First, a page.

Diagnostic certainty

Diagnostic certainty is a component of all cases and reflects how well the diagnosis has been established. It is crucial that the certainty of a diagnosis is not overstated. Doing so only reduces the utility of the Radiopaedia case library and undermines your own credibility as a contributor. 

Please be pedantic and sceptical or your own cases and strive to establish the diagnosis with supporting information. 

The user interface to set Diagnostic certainty (DC) is visible immediately below the title in case edit mode. It comprises a slider, with descriptions of each state. 

  1. Possible
    • the preferred diagnosis is one of a number of possible diagnoses, and although it is perhaps more likely, other conditions remain viable alternatives.
    • cases like this are sometimes worthwhile, but often they are not.
    • what you need to do: include a discussion on why you favour your diagnosis.
    • be prepared for your case to be rejected for publication; that's ok, you can always keep it as one of your unlisted cases.
  2. Probable
    • the preferred diagnosis is far more likely (>90%) than any alternative, but the diagnosis has not been established. 
  3. Almost certain
    • you have good reasons to believe the diagnosis was confirmed, but you do not have direct access to the proof and cannot upload it
    • examples:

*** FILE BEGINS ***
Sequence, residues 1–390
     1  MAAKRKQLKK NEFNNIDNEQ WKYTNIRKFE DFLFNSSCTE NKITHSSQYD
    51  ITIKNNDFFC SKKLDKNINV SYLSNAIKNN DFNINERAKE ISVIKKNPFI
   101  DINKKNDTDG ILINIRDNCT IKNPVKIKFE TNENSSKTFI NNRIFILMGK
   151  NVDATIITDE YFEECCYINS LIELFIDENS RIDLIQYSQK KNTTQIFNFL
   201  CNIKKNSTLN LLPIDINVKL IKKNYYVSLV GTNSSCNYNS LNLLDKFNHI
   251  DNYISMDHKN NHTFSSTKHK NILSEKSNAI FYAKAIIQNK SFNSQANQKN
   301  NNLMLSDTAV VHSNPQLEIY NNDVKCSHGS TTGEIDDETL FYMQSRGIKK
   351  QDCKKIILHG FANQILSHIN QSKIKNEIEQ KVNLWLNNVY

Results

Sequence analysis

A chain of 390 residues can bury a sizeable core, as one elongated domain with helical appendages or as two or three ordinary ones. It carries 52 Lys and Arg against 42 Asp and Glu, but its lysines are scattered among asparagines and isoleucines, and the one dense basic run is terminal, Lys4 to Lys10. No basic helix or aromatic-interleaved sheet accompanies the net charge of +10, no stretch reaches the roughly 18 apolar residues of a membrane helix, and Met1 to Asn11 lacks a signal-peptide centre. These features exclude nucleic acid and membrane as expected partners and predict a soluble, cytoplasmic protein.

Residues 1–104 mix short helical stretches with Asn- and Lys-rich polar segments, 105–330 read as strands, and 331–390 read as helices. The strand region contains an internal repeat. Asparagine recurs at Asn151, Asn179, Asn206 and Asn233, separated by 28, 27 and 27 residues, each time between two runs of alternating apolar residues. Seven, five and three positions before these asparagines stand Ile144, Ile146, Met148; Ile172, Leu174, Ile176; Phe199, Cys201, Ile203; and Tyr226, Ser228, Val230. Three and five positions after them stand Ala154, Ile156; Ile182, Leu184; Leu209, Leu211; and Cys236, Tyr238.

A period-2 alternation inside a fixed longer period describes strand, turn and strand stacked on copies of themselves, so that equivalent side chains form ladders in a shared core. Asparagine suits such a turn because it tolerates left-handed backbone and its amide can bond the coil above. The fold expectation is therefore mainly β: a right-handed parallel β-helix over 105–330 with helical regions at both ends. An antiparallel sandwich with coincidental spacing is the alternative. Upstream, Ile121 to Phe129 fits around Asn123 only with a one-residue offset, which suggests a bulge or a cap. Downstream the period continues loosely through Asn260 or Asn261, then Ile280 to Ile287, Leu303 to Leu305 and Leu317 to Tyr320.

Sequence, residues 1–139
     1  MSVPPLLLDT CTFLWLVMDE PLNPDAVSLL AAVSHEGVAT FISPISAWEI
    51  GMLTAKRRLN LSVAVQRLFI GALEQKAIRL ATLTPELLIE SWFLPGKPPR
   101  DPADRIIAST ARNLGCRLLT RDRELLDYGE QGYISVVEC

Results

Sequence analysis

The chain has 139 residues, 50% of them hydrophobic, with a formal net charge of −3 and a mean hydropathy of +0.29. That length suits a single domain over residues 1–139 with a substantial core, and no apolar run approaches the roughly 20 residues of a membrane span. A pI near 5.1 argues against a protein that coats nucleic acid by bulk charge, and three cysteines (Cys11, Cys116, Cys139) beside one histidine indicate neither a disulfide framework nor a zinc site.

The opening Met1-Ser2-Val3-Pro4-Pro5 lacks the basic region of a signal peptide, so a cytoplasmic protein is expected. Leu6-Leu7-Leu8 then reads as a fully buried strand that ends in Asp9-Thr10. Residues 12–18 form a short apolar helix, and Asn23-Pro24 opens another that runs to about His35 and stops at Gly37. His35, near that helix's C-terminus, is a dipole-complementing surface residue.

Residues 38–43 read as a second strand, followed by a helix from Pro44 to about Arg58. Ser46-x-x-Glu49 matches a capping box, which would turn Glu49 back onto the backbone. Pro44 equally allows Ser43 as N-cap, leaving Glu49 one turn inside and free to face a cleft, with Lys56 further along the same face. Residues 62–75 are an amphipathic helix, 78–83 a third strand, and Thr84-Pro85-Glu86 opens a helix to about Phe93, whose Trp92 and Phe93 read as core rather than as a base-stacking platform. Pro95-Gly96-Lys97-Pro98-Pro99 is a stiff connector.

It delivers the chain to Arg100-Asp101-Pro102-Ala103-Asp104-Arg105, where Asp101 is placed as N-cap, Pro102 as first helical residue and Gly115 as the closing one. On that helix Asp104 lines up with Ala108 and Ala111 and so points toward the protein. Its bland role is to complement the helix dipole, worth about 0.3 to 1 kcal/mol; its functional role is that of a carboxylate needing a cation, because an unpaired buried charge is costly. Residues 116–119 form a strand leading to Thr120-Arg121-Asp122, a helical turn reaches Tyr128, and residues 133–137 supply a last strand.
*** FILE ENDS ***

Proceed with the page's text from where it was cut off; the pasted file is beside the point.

• you collected this case some time ago and have included "path proven" in the description but not the actual histology report
      • a secondary source states the diagnosis (e.g. the referral, or the treating unit or a colleague tells you the result of a biopsy) but you haven't seen the report yourself
    • imaging is almost pathognomonic but it is conceivable that an unusual appearing other entity could have similar appearances
    • examples:  
  4. Certain
    • the diagnosis is 100% certain based on:
      • unequivocal or pathognomonic imaging appearance
      • clinical, surgical or pathological proof directly obtained from a primary source by the uploader (e.g. directly from the histology report).
    • where appropriate you should include substantiating evidence (e.g. histology report/slides, diagnostic laboratory test/values)
    • Not sure? Ask yourself this: "Would a journal accept the diagnosis if you submitted it as a case report?" In other words, would a cynical and sceptical third party agree that there was no doubt about the diagnosis? Only if your honest answer is "yes" then should the diagnosis be considered "Certain". 
  5. Not applicable
    • the images are not of a patient with a particular diagnosis
    • examples:
      • normal scan for teaching purposes
      • diagrams, illustrations, or flow chart

The diagnostic certainty of a case has many implications and functions. 

Firstly it has a strong influence on case completeness, and therefore when sorting search results by case completeness cases with high DC will be favoured. Similarly, these cases will be more frequently shown in Quiz Mode. 

Secondly, search results will show the DC level as a coloured dot (matching the slider). 

Thirdly, search results can be (soon) filtered to only show cases of a minimum DC (e.g. at least confirmed but unsubstantiated). 

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